Rising heating costs put consumers in a cold spot

December 22, 2003|LIZ MAPLES

Despite warmer winter temperatures this year, gas bills have been higher.

Atmos Energy said its Kentucky customers can expect their bills to be at least 17 percent higher this year than last, and if the winter gets colder, the price could rise again.

Kyle and Marie Crain said they have certainly noticed a change in this year's gas bills - double the price of recent years. The couple, who was at the Gathering Place Friday, said they conserve energy, and are sure it is the price rather than the consumption that has gone up.

Figures from University of Kentucky Agriculture meteorologist Tom Priddy show residents probably have used their heaters 20 percent less Nov. 1-Dec. 19 than the same time period last year.


The average temprature has been 45 degrees, almost five degrees warmer than last year.

Kyle Crain said he can remember that in the 1960s, it cost him $19 to heat his two-story house, and this year it cost $200 to heat the same house.

Seniors Lucille Orcutt and Rosie Hargrave said their gas bills have been high, but they would rather pay the bill than be cold.

"I'm not going to be cold," said Hargrave. "There are other things that I don't buy, but I have to have heat."

The pair believes that it seems to be colder this December than in years past. The temprature has been 1.7 degrees below normal so far in December, but it still has been warmer than last year.

The gas company said that the cost of gas spiked in early December as demand, across the country, increased.

Atmos encourages people to conserve heating, and to enroll in its budget billing plan that spreads out the annual gas bill payments throughout the year.

Here are some tips, from, to conserve gas consumption:

* Insulate, seal and weather-strip windows and doors.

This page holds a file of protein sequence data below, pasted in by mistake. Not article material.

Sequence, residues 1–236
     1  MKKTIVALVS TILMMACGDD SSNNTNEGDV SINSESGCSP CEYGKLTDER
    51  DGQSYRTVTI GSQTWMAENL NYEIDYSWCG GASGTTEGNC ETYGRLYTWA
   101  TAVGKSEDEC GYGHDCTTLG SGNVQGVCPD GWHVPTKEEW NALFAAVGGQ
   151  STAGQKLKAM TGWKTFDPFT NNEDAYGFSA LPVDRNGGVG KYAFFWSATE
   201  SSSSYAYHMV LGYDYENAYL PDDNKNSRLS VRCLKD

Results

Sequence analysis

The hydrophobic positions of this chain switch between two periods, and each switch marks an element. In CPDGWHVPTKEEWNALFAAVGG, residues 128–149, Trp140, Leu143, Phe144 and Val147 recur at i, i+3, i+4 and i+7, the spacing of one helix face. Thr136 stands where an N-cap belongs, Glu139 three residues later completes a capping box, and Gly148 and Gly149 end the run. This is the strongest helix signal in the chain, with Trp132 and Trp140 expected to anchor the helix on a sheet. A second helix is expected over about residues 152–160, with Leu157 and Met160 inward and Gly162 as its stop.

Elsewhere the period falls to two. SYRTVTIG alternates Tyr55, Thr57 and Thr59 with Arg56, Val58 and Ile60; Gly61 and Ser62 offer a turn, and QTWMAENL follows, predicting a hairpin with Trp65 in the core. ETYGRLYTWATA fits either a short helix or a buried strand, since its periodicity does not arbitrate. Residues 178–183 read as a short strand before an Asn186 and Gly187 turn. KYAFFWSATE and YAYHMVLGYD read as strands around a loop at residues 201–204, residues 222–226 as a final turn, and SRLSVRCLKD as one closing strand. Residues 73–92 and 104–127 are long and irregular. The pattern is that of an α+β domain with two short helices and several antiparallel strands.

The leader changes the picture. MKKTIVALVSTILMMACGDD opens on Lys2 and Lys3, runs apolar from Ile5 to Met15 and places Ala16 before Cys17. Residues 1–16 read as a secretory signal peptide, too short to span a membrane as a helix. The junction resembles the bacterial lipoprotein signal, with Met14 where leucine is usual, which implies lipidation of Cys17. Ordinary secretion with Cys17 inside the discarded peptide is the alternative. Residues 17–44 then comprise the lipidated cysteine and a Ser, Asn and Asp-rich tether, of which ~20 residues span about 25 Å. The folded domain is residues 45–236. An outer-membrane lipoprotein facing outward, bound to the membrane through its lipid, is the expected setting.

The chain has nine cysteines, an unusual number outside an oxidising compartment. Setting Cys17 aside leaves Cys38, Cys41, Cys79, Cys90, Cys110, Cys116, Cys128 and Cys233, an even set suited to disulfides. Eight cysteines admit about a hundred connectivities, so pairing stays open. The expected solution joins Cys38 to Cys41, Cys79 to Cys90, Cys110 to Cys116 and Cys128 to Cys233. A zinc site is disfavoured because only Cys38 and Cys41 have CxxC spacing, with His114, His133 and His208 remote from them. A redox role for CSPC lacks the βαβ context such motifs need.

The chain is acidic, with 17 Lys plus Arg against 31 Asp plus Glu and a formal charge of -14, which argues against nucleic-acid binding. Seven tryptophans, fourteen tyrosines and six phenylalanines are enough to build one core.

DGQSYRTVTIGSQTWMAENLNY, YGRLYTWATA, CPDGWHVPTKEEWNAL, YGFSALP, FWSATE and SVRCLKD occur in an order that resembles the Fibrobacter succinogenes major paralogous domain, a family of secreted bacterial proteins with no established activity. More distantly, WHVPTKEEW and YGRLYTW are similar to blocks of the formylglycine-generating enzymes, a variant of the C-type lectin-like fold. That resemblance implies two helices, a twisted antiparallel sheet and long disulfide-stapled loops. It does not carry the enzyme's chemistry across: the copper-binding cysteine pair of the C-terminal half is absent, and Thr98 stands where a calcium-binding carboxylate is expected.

* Put added insulation in your attic.

* Repair leaky faucets. One leaky faucet can use about 6,000 gallons of water in a year.

* Change your air filter in a forced heating and cooling system regularly.

* A dirty air filter makes the heating and cooling system work harder.

* You can reduce your energy bills by five percent or more by simply keeping a clean filter in your heating and cooling system.

* Inspect your thermostat, older thermostats only go down to 60 degrees. If you are gone for long periods of time or on vacation lower your thermostat to 55 degrees.

* An inaccurate thermostat can cost you money. For example, it may read 68 degrees but it really may be 71 degrees in your home. Have your thermostat checked by a contractor if it needs an adjustment.

* Cold water does just as good a job as warm or hot water for laundry; always select cold water in the rinse cycle.

* Wash a full load and if equipped with an energy saver cycle, use it.

* Heating water is the second largest energy expense in your home. Keep the setting at 120 degrees. You can save 15 percent if you cut the temperature on your water heater from 140 to 120 degrees. If you are gone for a long period of time, set your thermostat at the "vacation" or lowest setting.

* Drain the water from your water heater periodically. This process removes the mineral sediment found in all water supplies.

* Inspect the relief (pop-off) valve on your water heater regularly.

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